More than three million Americans suffer the physical and psychological effects of lymphedema, a condition that can occur when an insufficient or damaged lymph system fails to drain lymph fluid from the tissues of the body. Lymphedema can lead to severe swelling and pain in the extremities.
Approximately 35 to 40 percent of women with breast cancer will develop lymphedema following axillary node surgery or radiation therapy. Men are at risk of developing lymphedema in their legs following surgery for prostate or testicular cancer. Left untreated, the swelling can become painful and infection can become a serious risk. While no cure is currently available for lymphedema, there is hope for patients who take precautions and manage their symptoms.
The Lymphedema Program at Holy Cross Hospital aims to reduce the swelling and pain associated with lymphedema and to educate the patient to monitor, maintain, and improve his or her condition throughout his or her lifetime.
Treatment for lymphedema may include the following:
- Skin care: The patient is educated in precautions to protect the skin and avoid infection, in proper use of skin care products, and an individualized skin care program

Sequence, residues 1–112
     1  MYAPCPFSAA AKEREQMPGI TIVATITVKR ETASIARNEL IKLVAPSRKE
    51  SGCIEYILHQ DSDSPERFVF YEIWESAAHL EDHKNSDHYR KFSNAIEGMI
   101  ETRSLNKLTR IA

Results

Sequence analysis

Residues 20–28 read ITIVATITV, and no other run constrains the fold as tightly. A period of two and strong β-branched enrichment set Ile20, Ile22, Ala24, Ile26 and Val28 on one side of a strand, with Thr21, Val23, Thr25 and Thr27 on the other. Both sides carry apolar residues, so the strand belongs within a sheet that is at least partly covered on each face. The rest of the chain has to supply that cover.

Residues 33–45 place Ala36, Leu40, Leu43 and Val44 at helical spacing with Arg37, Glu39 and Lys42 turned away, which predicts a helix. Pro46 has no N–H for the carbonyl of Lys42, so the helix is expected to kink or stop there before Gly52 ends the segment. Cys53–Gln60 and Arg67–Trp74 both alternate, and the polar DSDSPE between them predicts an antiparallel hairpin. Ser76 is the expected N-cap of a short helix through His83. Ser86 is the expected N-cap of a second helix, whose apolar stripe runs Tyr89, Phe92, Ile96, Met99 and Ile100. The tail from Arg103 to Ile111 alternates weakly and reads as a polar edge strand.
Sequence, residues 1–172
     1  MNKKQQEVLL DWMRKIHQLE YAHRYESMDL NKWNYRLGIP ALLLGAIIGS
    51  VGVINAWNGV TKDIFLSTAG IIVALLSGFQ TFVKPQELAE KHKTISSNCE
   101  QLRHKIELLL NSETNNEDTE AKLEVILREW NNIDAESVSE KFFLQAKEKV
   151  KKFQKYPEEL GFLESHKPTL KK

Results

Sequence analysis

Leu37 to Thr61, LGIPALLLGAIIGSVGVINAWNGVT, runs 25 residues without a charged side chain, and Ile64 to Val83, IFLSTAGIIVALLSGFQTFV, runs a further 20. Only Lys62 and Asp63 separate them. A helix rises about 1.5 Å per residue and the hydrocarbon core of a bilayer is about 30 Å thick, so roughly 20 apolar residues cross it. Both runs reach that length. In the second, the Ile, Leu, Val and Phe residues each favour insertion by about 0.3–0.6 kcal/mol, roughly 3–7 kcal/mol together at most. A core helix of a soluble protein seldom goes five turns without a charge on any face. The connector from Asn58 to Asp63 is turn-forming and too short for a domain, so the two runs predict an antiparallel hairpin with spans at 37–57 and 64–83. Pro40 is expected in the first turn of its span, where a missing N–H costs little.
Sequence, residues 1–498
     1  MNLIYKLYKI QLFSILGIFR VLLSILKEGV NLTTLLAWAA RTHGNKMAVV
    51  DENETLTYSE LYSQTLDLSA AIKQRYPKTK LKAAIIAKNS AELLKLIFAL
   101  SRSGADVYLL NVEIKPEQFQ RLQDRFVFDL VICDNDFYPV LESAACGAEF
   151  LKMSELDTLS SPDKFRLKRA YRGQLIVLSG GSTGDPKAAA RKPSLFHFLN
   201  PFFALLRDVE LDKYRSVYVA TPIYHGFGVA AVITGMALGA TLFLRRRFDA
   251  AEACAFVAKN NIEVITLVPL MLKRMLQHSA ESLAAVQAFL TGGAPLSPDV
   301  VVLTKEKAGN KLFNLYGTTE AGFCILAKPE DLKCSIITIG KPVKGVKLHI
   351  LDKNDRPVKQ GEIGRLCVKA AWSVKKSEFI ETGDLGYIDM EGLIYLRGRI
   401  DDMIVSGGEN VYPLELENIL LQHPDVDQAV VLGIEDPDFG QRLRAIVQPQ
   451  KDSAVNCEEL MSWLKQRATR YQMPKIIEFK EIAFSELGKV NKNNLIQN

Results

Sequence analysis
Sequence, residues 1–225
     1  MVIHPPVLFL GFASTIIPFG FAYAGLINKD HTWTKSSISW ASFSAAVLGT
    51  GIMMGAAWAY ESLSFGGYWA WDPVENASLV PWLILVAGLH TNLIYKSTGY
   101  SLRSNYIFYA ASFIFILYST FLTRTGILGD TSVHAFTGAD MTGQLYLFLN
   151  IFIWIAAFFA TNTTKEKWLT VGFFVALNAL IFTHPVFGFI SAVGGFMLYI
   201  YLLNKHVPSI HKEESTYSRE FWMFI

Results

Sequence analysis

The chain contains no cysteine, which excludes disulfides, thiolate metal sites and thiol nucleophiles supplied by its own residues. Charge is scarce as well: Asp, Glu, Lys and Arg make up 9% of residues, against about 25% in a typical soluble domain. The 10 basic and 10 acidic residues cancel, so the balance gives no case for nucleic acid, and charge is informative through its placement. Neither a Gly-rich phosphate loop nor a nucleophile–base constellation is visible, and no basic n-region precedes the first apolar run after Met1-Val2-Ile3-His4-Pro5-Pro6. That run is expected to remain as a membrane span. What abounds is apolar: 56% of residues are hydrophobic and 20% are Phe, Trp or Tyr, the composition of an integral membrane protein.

- Manual lymphatic drainage (MLD): Manual lymphatic drainage is a specific superficial manual technique that facilitates the opening of collateral lymphatic pathways.
- Multi-layer bandaging: Bandaging consists of a technique involving three primary layers of bandages applied to the affected area to facilitate lymph flow.
- Individualized exercise program: Exercise programs are tailored to each patient to enhance lymphatic drainage and also restore strength, flexibility, endurance, and function.
- Patient education: Patients are educated about their condition, the goals and purpose of the treatment regimen, as well as life-long skin care.